The Marquis de Lafayette, in the midst of trying to repel a British land offensive in Virginia, wrote Washington regarding the events at Mount Vernon. Lafayette had little concern for the implications of the escape of Washington's enslaved people and was more worried about Lund Washington's response to the situation. The Marquis explained that "When the Ennemy Came to your House Many Negroes deserted to them. This piece of News did not affect me much as I little Value property—But You Cannot Conceive How Unhappy I Have Been to Hear that Mr. Lund Washington Went on Board the Ennemy’s vessels and Consented to give them provisions."4

Washington was significantly disappointed with Lund's response, writing to his cousin on April 30 that he was "very sorry to hear of your loss; I am a little sorry to hear of my own; but that which gives me most concern, is, that you should go on board the enemys Vessels, and furnish them with refreshments. . . It would have been a less painful circumstance to me, to have heard, that in consequence of your non-compliance with their request, they had burnt my House, and laid the Plantation in ruins."5

Seven of the individuals who escaped the plantation on the British ship—Frederick, Frank, Gunner, Sambo, Thomas, Lucy, and Esther—were eventually returned to Mount Vernon at some point after the siege at Yorktown in the fall of 1781.6



1. Lund Washington, “List of slaves returned from British, 1781.” These 17 people are listed by Lund Washington, the document goes on to say “The above slaves were taken from his Excellency General Washington – by – Captin Rich. Graves in the Savage sloop of war – in April 1781” However, there is uncertainty as to when this list was written and if all 17 people actually fled on the Savage. Harry Washington says he escaped in 1776 and Deborah Squash ran away in 1779. Also see Mary V. Thompson, “The Only Unavoidable Subject of Regret”: George Washington, Slavery, and the Enslaved Community at Mount Vernon (Charlottesville: University of Virginia Press, 2019) 439 and Cassandra Pybus, “Washington’s Revolution,” Atlantic Studies, Vol. 3 No. 2, October 2006,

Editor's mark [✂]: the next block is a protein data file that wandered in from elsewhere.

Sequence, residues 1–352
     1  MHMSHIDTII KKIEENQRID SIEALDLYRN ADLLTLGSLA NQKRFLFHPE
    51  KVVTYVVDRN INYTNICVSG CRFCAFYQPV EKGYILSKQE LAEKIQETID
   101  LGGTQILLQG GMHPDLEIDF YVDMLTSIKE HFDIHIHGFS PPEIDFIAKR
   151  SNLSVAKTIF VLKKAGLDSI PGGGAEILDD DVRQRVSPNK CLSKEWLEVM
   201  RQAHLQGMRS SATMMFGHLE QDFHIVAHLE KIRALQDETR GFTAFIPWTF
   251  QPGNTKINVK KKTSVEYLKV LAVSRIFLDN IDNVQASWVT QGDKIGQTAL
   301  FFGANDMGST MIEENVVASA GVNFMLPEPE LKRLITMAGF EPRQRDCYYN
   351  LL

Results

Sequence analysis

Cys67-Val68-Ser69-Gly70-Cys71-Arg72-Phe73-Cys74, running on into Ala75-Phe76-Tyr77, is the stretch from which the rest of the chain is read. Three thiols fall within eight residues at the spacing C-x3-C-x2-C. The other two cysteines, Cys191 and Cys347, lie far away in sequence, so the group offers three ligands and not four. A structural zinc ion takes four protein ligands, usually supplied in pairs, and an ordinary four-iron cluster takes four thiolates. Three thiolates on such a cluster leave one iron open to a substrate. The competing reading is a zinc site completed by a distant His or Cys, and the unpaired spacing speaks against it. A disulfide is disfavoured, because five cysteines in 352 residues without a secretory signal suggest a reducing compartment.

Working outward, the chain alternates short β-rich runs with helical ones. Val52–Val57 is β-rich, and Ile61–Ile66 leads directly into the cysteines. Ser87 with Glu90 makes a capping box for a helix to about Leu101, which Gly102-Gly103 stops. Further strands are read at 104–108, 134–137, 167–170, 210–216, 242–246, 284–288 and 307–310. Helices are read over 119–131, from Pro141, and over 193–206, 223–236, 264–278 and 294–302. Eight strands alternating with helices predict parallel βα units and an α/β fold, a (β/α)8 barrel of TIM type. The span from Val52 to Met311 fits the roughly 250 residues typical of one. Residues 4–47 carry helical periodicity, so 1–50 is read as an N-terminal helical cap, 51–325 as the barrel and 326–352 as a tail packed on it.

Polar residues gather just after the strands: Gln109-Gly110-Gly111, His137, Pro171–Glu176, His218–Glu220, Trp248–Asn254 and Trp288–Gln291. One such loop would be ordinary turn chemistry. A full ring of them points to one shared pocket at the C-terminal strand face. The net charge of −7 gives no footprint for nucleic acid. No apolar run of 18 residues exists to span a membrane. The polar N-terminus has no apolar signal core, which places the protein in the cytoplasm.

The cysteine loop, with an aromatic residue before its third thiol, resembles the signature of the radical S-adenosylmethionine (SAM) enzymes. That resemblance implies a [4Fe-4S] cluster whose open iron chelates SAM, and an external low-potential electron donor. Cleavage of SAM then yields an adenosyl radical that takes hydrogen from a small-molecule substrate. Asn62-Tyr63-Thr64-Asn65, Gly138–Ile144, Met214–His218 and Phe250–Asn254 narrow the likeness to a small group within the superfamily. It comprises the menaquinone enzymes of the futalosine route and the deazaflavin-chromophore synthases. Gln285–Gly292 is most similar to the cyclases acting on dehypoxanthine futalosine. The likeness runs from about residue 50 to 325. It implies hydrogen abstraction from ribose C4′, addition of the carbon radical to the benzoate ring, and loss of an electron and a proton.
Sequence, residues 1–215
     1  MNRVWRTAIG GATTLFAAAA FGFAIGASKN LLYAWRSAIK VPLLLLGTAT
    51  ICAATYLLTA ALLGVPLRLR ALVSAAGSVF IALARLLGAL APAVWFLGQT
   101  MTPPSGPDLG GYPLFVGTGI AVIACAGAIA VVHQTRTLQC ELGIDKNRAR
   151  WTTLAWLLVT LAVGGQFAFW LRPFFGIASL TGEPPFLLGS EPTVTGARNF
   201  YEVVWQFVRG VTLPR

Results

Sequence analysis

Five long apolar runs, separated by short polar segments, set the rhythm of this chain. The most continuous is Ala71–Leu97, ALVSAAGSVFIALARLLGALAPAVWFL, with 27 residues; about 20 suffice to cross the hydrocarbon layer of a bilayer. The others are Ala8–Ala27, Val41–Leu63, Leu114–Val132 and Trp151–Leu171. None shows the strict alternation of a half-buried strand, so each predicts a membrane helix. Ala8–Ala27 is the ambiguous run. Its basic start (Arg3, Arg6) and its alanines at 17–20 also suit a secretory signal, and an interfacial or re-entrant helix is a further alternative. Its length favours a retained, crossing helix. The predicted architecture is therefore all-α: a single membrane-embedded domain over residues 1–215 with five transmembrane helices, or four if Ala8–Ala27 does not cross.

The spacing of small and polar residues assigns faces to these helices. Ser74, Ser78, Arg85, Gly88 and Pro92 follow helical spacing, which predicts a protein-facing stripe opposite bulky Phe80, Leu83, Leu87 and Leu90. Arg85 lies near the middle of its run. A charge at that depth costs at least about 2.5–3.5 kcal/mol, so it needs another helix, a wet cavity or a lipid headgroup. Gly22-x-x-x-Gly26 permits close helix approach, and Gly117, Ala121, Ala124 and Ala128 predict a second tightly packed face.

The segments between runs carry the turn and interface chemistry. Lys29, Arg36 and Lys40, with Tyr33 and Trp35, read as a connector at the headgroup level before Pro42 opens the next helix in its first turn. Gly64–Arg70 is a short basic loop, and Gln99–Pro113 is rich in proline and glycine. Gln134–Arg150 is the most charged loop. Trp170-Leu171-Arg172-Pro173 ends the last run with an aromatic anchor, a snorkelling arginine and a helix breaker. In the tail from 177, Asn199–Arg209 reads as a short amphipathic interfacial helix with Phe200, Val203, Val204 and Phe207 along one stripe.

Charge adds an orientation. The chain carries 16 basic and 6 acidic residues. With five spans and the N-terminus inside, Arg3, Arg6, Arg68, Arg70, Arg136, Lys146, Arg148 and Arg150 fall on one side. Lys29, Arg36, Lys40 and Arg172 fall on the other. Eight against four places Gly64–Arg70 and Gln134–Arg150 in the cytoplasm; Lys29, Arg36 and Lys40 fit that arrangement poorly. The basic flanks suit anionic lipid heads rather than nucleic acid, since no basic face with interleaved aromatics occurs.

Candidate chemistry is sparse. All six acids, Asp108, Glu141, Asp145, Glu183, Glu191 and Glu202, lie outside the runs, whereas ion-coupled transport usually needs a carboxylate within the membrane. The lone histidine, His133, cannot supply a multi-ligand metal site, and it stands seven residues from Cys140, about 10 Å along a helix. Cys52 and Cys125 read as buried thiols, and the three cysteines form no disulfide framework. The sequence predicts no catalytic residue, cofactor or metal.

2. George Grieve, "Notes on Conversation with Lund Washington," Travels North America in the Years 1780, 1781 and 1782 by the Marquis de Chastellux, Vol. 2, ed. Howard C. Rice, Jr. (Chapel Hill, North Carolina: University of North Carolina Press, 1963), 597.

3. Lund Washington, “List of slaves returned from British, 1781.”

4. "The Marquis de Lafayette to George Washington, 23 April 1781," Lafayette in the Age of the American Revolution:  Selected Letters and Papers, 1776-1790, Vol. 4, ed. Stanley J. Idzerda (Ithaca, New York, and London: Cornell University Press, 1981), 60-1.

5. "George Washington to Lund Washington, 30 April 1781," Founders Online, National Archives,

6. See The Writings of George Washington, Vol. 22, 14.